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|June 14, 2010 |
| Is a PRENUPTIAL AGREEMENT signed without an attorney ENFORCEABLE? |
|Posted By Thurman Arnold|
Q. Before my wife and I married, she convinced me to sign a Prenup prepared
by her brother, who is a Los Angeles divorce attorney. It says that I
waive any right to property acquired with her earnings. It also says I
had the opportunity to get legal advice but was choosing not to. At the
time I couldn't afford an attorney. Six years later, she says I have
no rights to the house we bought together. A friend says that since I
didn't have an attorney at the time I signed it, the agreement cannot
be enforced. Is this true?
Rick, Pasadena, CA
Must an Attorney Advise Me Before I Sign a Premarital Agreement?
Whether or not a Prenup - formally known as a premarital agreement - gets
enforced is highly fact specific, so it is impossible for me to answer
your question except in general terms. I would need more information and
to look at the document carefully. I can give you some useful pointers, however.
California has adopted the UPAA (The Uniform Premarital Act) as Family
Code sections 1600-1617. Prior to its adoption prenups were viewed by
courts with suspicion, and they were much harder to enforce. One reason
was that as a matter of public policy it was believed that prenuptial
agreements undermined marriage and so promoted divorce. Today they are
viewed as supportive of the marriage institution, particularly in cases
of second marriages where many people won't remarry without one. Although
we speak in terms of marriage, the UPAA applies equally to registered
Still, they are viewed somewhat technically and to be enforceable they
must meet the requirements of the statutes.
Family Code section 1612 speaks to what rights are properly altered by a Prenup. Subsection (a)(1)
and (3) deal with property interests. As a starting point, there is no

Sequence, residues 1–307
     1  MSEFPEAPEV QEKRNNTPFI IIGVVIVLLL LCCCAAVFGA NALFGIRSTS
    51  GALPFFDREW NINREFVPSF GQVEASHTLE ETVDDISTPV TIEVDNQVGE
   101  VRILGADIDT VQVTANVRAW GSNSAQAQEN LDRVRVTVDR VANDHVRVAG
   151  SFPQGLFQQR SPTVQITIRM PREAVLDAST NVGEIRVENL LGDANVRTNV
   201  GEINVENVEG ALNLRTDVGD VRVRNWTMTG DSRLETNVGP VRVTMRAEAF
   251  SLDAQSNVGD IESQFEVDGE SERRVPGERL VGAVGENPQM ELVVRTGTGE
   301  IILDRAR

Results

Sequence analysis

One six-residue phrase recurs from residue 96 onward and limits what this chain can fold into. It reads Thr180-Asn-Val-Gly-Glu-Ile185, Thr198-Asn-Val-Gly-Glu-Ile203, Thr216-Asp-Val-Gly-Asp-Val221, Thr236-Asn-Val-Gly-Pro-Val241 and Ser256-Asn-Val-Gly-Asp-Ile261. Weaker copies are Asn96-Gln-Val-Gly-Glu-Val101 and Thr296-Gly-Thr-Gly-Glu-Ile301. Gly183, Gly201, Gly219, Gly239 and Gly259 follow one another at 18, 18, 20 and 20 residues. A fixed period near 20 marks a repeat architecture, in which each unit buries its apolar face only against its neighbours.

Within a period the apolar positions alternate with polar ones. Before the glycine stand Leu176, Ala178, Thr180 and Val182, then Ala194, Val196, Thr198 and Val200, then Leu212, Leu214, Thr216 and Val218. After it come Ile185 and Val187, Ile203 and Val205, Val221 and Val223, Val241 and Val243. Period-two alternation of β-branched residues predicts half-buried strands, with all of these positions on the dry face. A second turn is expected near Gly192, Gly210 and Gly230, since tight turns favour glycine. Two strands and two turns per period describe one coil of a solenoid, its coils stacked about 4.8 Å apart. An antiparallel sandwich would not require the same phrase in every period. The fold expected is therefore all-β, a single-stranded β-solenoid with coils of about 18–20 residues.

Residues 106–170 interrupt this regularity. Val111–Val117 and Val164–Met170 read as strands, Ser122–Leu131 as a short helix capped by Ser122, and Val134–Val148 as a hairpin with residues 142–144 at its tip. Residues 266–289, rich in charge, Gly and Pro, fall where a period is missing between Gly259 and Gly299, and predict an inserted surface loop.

question but that a premarital agreement can waive interests in real property
The critical family code section dealing with enforceability is
section 1615. Anybody considering a Prenup, or questioning its validity, should scan
this statute. The chief defense to a Prenup is that it was not executed
voluntarily. If you can prove that, it will be treated as void. If the
agreement was signed as result of duress, coercion or undue influence
it will likely not be enforced. The lack of an independent attorney can
result in a finding that the agreement was not entered voluntarily.
If one expects a premarital agreement to be enforceable, there is simply
is no safe reason for dispensing with legal counsel. Prenups should only
and always be drafted by qualified attorneys, and both parties must actually
be advised about their legal effect, or they may not be worth the paper
they are written on.
In all cases where my office drafts a premarital agreement, we will not
proceed if the other party is unrepresented. In fact, where the other party lacks sufficient financial resources to
do so, we insist that person select counsel and that our client pay for
it. In my opinion it is a dangerous practice to deny a less financially
empowered spouse or domestic partner the ability to access legal counsel
in these situations.
Why Is Independent Counsel Important?
The importance of having independent counsel in these matters is evident
from the language of FC section 1615:
"(a) A premarital agreement is not enforceable if the party against
whom enforcement is sought proves either of the following:
* * *
(c) For the purposes of subdivision (a), it shall be deemed that a premarital